Market-Linked Notes


Market-Linked Notes have experienced explosive growth in the amount funds investors poured into this investment category. Brokerage firms have marketed Structured Securities Products to investors seeking current income in a low-yield interest rate environment. In most instances, brokerage firms act as an underwriter for the Market-Linked Notes issued by an affiliated bank. Otherwise, brokerage firms market and sell Market-Linked Notes issued by non-affiliated banks through selling agreements. Market-Linked Notes are recommended by brokerage firms and their financial advisors as a stable source of income. Investors do not understand the risks associated with Market-Linked Notes, unless properly explained by their financial advisors. Investors do not understand that the interest credited to their account is far more complex than a simple interest rate when it is based on a volatile security, commodity, index or currency.

Market-Linked Notes credit interest based on the performance of specific “referenced asset” which requires the use of derivatives to track and sometimes leverage returns or some form of protection. Most investors do not understand how “interest” is credited to their account. Market-Linked Notes use sophisticated derivative-based investment strategies designed to track a “referenced asset” with respect to any of the following:

  • Market Index;
  • Market Sector;
  • Commodity;
  • Currency;
  • Single Country;
  • Leveraged; and
  • Inverse Correlation.

Brokerage firms recommend Market-Linked Notes to investors as a safe and stable alternative investments to traditional fixed income investments, even though the Notes are unsecured and subject to the credit risks of the issuer. Brokerage firms and their affiliated banks that issue, underwrite and sell Market-Linked Notes include the following:

  • Barclays Plc (NYSE: BCS),
  • Morgan Stanley (NYSE: MS),
  • Deutsche Bank (NYSE: DB),
  • UBS, A.G. (NYSE: UBS),
  • Merrill Lynch (NYSE: BAC),
  • JPMorgan Chase & Co. (NYSE: JPM),
  • Credit Suisse (NYSE: CS),
  • HSBC USA (NYSE: HSBC),
  • Goldman Sachs & Co. (NYSE: GS),
  • Royal Bank of Canada (NYSE: RBC)

Market-Linked Notes are managed to generate greater returns when the Notes performance is tied to a more volatile security, index, commodity or currency. These greater potential returns are marketed to investors through the use of “terms” which obscure the true nature of the risk assumed by investors. Market-Linked Notes are described in Prospectuses and Offering Documents with such descriptive names as:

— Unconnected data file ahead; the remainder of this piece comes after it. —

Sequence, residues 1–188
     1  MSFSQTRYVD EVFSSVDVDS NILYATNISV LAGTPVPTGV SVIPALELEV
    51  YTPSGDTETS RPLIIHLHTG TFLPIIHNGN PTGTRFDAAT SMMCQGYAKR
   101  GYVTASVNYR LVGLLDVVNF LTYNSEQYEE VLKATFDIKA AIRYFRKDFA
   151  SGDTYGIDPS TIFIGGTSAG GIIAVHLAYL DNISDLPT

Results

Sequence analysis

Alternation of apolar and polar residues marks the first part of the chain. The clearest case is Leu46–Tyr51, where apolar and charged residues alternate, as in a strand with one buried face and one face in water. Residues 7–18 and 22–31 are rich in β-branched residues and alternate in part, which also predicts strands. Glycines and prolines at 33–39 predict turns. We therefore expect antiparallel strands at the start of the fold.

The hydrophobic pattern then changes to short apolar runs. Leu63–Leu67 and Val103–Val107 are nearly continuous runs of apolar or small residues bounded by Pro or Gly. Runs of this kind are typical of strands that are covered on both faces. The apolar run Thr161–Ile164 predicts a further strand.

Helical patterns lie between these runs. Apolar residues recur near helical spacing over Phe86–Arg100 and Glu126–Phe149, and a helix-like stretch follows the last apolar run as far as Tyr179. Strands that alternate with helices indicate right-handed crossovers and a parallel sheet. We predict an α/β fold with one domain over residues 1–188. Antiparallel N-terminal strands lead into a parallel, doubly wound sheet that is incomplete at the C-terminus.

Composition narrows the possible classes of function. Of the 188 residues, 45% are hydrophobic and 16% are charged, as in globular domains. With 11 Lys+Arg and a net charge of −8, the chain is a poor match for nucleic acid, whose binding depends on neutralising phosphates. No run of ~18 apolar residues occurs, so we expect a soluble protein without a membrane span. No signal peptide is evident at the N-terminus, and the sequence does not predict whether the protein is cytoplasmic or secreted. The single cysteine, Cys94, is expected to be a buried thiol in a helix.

• Accelerated Return Notes;
  • Strategic Return Notes;
  • Capped Leverage Index Return Notes;
  • Excess Return-Linked Notes;
  • Trigger Yield Optimization Notes;
  • Target Term Securities;
  • Market Linked Notes;
  • ETRACS;
  • Return Optimization Notes;
  • Auto Callable Market-Linked Step Up Notes;
  • Performance Leveraged Upside Securities (PLUS);
  • Equity Linked Securities (ELKs).

In August 2015, the Securities Exchange Commission (SEC) issued a National Exam Program – Risk Alert which reviewed sales practices violations of major Wall Street brokerage firms related to the supervision and sales of Structured Securities Products, commonly referred to as Market-Linked Notes. According to SEC staff, certain deficiencies were found in some brokerage firms’ supervisory and sales practices related to Structured Securities Products, including:

  • Failed to Maintain and/or Enforce Controls for Investor Suitability Determinations;
  • Investments in Market-Linked Notes Exceeded Concentration Limits; and
  • Over 35% of Liquidations Made at Prices 20% Below Face Value of Note.

Market-Linked Notes are alternative investments that offer financial advisors higher commissions than traditional fixed income securities. Brokerage firms provide incentives for the sale of proprietary products, such as Market-Linked Notes issued by affiliated banks. Market-Linked Notes have substantial fees and/or commissions paid to affiliated companies for banking, underwriting and asset management. Brokerage firms may fail to properly explain the risks associated with Market-Linked Notes whose performance and interest crediting is tied specific security, commodity, index or currency. Did you invest in Market-Linked Notes designed to track the Price of Oil, MLP Pipelines, Indexes, Commodities Baskets, Currencies, or leveraged up to 200%?

Klayman & Toskes, P.A. has represented investors in Financial Industry Regulatory Authority (FINRA) claims against major Wall Street brokerage firms with claims for FINRA sales practice violations related to the sales of structured securities products, also known as Market-Linked Notes. Our clients’ claims for damages relate to FINRA sales practice violations of misrepresentations and omissions of material facts, conflicts of interest, unsuitable investment advice, securities concentration and failure to supervise. Learn more about our process for helping you recover your investment losses.

Information contained on this webpage is for educational purposes only
and should not be considered legal advice.
No Information contained on this website creates an attorney-client relationship.